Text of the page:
Football: Alonso two-way threat Derrick Nealy thriving with change of scenery



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Tue. October 11, 2011 | Eduardo A. Encina

Football: Alonso two-way threat Derrick Nealy thriving with change of scenery

For a Class 8A football team with just 35 players on its varsity roster to be undefeated going into the midway point of the regular season, it has to have its share of grinders – players who do their part on both sides of the ball with little fanfare.

And as Alonso (5-0, 1-0), off to its best start since 2003, prepares for Friday’s non-district game against fellow unbeaten Plant City (5-0, 2-0) there might not be a more valuable under-the-radar player than Ravens fullback/linebacker Derrick Nealy.

The 6-foot, 215-pound senior arrived on Alonso’s campus – he moved from California -- last spring and has immediately become a critical part of the Ravens game plan.

“He started a little slow and he had a thumb injury and we really weren’t able to unleash his potential,” Alonso first-year coach Brian Emanuel said. “But the last couple games, at both fullback and linebacker he’s really blossomed.”

Emanuel needed a hard-nosed fullback to implement his pro-style I-formation offense – and to open holes for Alonso’s talented tailback duo of Brandon Holloway and Ish Witter. Nealy fits that role perfectly.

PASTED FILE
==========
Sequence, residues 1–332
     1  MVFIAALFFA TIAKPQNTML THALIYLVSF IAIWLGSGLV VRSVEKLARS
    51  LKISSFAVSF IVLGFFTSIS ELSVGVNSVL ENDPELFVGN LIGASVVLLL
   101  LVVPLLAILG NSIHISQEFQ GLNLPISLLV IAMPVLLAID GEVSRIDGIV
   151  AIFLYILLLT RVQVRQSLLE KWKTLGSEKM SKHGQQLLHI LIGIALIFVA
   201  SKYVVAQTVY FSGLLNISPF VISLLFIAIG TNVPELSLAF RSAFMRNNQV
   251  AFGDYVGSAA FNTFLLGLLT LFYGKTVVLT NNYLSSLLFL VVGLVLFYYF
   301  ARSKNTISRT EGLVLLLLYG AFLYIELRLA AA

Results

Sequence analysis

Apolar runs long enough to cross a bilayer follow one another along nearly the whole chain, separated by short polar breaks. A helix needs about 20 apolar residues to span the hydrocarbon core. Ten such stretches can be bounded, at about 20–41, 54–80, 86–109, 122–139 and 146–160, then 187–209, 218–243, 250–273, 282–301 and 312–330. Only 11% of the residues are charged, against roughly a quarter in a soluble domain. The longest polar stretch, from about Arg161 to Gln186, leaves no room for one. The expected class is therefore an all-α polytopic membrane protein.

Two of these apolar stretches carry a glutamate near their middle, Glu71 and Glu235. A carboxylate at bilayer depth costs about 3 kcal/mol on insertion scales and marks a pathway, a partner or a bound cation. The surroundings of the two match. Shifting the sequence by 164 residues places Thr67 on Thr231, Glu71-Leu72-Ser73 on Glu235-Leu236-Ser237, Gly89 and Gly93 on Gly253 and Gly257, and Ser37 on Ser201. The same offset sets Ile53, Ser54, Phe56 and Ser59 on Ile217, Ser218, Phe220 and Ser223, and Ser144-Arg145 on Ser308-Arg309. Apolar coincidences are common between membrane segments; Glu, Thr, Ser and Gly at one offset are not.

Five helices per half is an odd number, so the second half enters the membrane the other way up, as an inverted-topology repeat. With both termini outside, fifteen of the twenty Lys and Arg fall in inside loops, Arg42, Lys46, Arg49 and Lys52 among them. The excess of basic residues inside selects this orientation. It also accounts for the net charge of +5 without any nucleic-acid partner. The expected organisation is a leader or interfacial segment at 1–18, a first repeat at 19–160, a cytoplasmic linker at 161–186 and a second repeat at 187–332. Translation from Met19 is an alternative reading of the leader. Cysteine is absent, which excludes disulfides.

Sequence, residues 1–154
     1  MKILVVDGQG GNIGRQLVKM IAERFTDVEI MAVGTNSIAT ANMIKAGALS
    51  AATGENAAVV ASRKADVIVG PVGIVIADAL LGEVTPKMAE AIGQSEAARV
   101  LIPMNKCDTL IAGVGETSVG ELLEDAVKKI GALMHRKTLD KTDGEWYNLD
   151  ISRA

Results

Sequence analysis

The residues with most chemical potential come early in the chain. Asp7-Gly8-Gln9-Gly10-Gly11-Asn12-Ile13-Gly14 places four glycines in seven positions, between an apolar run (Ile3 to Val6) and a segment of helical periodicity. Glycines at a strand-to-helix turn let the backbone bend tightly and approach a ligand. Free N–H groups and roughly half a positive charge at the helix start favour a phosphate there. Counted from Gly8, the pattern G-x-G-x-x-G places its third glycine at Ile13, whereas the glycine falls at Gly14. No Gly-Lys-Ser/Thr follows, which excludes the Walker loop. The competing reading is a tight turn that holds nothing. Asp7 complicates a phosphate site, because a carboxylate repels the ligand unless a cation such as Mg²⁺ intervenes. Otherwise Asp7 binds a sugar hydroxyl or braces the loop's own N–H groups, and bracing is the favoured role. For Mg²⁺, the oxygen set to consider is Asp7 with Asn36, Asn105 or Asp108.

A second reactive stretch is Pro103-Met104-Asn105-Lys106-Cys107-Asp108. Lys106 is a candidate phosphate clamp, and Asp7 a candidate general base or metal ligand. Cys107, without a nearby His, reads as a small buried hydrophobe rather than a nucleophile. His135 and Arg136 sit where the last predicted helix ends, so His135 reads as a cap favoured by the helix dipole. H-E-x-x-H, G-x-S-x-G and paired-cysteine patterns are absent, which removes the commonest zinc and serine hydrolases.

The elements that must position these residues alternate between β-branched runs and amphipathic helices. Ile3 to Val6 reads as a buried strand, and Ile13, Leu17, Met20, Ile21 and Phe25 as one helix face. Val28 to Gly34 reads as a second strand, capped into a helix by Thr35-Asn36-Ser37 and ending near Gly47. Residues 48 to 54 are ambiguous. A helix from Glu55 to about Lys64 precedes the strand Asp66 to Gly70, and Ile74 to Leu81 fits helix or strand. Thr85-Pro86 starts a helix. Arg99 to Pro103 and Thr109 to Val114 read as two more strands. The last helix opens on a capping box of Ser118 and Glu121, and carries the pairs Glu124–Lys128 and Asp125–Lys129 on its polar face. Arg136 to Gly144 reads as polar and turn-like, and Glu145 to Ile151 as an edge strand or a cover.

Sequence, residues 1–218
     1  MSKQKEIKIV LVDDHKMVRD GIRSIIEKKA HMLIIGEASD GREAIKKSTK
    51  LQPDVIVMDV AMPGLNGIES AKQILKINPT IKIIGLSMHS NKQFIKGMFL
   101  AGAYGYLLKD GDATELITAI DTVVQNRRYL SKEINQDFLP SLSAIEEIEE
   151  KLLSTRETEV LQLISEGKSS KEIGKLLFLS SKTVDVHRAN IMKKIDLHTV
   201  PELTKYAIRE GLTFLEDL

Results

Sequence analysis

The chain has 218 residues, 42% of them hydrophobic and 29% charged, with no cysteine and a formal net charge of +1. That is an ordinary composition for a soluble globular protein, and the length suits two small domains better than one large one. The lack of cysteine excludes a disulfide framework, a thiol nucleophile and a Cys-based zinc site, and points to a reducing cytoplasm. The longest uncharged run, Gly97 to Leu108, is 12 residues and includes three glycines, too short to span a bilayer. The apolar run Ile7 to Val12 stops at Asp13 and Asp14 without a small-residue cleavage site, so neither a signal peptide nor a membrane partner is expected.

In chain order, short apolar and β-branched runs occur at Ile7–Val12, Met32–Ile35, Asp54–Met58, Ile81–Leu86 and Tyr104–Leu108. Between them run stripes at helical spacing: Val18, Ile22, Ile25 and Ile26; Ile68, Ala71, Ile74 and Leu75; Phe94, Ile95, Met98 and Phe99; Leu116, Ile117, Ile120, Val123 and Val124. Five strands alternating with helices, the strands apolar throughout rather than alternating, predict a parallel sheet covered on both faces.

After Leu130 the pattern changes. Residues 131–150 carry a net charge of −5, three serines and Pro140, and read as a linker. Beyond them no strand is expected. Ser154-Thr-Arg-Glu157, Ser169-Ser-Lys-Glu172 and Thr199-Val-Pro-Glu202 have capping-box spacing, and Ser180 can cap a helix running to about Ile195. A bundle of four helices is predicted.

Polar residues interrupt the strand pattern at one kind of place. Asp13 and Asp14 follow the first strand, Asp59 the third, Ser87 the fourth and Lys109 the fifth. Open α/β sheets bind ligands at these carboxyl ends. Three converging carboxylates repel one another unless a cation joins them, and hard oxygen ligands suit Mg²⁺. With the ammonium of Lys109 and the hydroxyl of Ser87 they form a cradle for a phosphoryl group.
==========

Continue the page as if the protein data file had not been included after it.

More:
On defense, Nealy is the team’s starting inside linebacker, but he’s been utilized all over the field – as a defensive end, defensive tackle and nose guard. In Thursday’s 20-14 district win over Bloomingdale, Nealy registered 12 tackles and was a menace in the backfield rushing the quarterback lining up at rush end.

So when does Neely come off the field?

“Kickoffs, maybe?” Neely, 17, shrugged.

“I’ve never played the line except for defensive end,” Nealy said. “When I’ve lined up at tackle and nose I’m like, ‘Wow, this is really different.’ But it’s a good experience too.”

Nealy, however, is used to change. Growing up in Lakeland, he lost his father to cancer at the age of seven. In the fifth grade, he moved to California with his older sister, who was in the military. He then returned to Florida last year for his senior year.

“It was a little tough,” Nealy said. “You get comfortable over there and then you have to start all over basically. It honestly hasn’t been that tough though. When push comes to shove, you make your best of it.”

And now Nealy is making the best of playing on a new team and making his senior season a memorable one.

“We really just need to keep our heads focused and not get overconfident about it,” Nealy said about facing Plant City. “We might not be the biggest team, but we’re not afraid to hit. We’ve got to come out there hard and play our game.”

Reach Times staff writer Eduardo A. Encina at eencina@sptimes.com and follow him on Twitter at @EddieHometeam.

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